Human Rights Group Writes Letters To Liberate Prisoners

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The Payson Chapter of Amnesty International hopes local residents will on Dec. 8 join in a crusade that has already freed 45,000 prisoners of conscience held around the world.

“We started with a handful of passionate advocates for human rights two years ago and we’ve so far generated more than 600 letters to free prisoners of conscience,” said Penny Navis-Schmidt, president of the Rim Country chapter upon receiving proclamation last week from the Payson Town Council designating December as Human Rights Awareness Month.

The local chapter hopes that human rights supporters will come to Payson United Methodist Church from 6 p.m. to 8 p.m., Saturday, Dec. 8 to write letters urging government to free political prisoners held around the world.

Prisoners the letter writers will support this year include:

• Members of Girifina (we’re fed up), a youth group in the Sudan whose members have been arrested, tortured, imprisoned and even sexually assaulted after protesting government policies and the lack of civil rights.

• Narges Mohammadi, an Iranian women’s rights activist sentenced to six years in prison in 2009 for her efforts to achieve equal rights for women. The government charged her with “propagating” against Islam.

• Residents of the village of Bodo in Nigeria who have been imprisoned and beaten for demonstrating and appealing to the government to force Shell Oil Company to clean pollution from a leaky oil pipe that has polluted water and land around the village. Some 70,000 people who once depended on fishing and farming have lost much of their income as a result of an oil spill that independent estimates have placed at 311,000 barrels — although Shell acknowledges leaks totaling about 1,640 barrels, according to the Amnesty International Web site.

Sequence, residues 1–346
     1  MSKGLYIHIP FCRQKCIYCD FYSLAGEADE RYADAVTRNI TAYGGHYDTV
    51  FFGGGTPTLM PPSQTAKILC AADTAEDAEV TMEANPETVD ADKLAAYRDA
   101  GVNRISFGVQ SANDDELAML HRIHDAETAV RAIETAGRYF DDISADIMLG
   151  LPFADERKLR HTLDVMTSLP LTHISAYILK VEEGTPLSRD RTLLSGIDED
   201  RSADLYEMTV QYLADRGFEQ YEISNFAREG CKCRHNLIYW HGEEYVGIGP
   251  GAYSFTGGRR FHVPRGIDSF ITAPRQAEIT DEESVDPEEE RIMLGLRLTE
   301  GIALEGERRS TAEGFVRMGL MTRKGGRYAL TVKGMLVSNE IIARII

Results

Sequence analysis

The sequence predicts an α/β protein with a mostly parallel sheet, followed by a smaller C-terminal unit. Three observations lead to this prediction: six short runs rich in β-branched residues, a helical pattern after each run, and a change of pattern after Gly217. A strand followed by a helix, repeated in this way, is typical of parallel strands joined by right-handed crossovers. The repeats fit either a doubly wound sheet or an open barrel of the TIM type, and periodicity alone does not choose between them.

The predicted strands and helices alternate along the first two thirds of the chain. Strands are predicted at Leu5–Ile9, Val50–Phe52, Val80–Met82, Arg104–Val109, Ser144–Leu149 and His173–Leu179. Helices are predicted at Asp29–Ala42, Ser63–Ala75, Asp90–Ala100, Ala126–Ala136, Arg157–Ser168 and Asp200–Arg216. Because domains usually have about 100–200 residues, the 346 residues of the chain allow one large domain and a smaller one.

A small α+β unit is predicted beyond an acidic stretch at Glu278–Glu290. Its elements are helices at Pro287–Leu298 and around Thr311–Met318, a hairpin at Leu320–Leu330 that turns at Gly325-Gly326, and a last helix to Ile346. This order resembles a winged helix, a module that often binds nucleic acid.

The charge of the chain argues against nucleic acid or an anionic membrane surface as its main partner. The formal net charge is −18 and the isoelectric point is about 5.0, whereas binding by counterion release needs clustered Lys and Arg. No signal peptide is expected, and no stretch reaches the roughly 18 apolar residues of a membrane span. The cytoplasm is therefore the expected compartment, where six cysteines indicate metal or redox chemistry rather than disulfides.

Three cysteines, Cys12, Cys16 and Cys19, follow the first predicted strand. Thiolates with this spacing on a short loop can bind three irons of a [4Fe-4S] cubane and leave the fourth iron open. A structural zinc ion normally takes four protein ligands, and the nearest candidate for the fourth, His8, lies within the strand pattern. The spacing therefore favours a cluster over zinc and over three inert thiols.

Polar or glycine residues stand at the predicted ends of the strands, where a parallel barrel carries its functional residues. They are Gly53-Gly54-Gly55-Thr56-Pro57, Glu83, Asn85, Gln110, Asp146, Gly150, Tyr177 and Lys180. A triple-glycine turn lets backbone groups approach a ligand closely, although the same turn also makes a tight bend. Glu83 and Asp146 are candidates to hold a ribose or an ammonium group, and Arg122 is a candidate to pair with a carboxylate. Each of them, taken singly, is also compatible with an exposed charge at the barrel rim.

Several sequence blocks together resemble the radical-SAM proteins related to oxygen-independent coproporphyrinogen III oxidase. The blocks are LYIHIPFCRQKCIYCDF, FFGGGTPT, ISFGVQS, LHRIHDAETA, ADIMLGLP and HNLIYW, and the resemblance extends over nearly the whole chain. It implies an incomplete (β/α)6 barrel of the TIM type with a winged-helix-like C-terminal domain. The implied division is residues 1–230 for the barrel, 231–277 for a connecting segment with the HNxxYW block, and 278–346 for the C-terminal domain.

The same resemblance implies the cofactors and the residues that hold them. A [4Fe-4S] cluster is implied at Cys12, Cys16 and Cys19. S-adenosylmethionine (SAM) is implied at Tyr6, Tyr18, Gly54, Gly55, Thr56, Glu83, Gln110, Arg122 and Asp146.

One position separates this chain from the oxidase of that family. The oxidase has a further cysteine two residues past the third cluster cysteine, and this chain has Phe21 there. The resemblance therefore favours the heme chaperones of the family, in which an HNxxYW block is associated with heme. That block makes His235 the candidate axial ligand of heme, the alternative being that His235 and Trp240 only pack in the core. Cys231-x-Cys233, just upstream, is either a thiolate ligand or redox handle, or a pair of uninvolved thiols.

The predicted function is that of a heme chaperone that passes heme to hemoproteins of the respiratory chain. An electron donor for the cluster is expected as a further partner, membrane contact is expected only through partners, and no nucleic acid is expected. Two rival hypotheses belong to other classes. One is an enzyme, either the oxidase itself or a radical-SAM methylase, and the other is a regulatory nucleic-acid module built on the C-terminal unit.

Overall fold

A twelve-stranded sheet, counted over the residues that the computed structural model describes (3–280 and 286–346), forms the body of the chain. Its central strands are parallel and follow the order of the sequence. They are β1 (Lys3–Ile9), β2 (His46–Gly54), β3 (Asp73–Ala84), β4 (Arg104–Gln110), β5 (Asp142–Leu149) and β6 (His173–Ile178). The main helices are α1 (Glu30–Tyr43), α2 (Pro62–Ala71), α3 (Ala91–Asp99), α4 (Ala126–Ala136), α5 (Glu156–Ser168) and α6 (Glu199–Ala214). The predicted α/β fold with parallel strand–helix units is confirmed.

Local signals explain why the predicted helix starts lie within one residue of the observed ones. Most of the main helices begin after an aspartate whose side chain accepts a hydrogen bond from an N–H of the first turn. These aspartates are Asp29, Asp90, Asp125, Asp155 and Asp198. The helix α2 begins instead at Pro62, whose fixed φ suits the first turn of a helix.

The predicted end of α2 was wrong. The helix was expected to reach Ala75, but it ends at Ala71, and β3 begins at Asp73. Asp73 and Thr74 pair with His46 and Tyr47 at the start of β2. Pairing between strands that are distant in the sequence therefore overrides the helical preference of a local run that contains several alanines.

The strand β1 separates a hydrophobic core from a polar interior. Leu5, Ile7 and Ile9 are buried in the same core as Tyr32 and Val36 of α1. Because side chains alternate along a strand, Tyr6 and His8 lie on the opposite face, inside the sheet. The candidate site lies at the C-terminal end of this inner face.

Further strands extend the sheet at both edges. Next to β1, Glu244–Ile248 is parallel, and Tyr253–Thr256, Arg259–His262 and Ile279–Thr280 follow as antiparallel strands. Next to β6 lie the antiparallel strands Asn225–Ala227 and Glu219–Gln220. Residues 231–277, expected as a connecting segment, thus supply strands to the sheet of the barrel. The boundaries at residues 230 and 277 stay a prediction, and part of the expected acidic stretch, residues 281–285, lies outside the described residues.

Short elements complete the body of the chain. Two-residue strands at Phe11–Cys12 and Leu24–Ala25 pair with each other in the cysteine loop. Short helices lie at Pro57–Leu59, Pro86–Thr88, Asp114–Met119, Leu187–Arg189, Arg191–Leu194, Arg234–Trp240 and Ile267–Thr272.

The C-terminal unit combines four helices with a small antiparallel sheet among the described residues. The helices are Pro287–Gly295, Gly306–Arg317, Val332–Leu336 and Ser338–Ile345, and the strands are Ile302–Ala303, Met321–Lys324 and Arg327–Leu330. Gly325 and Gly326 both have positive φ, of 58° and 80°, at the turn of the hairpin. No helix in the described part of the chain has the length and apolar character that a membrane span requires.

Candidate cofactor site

In the past year, Amnesty International’s letter writing campaigns have generated more than a million letters. Those campaigns in the past year played a role in the release of several political prisoners. Azerbaijan blogger Jabbar Savalan was sentenced to almost three years in prison for criticizing the government for imprisoning peaceful protesters. He was pardoned after the government received more than 130,000 letters. Jean-Claude Roger Mbede of Cameroon was serving a three-year prison sentence for his “real or perceived” sexual orientation, but was granted provisional release on appeal after the government was flooded with letters.

The government of Mexico acknowledged responsibility for the actions of soldiers who raped Ines Fernandez Ortega and Valentine Rosendo Cantu, members of indigenous groups protesting government actions.

Navis-Schmidt said that the local group has grown rapidly, partly by teaming up with other human rights groups in Rim Country — including the Time Out Battered Women’s Shelter.

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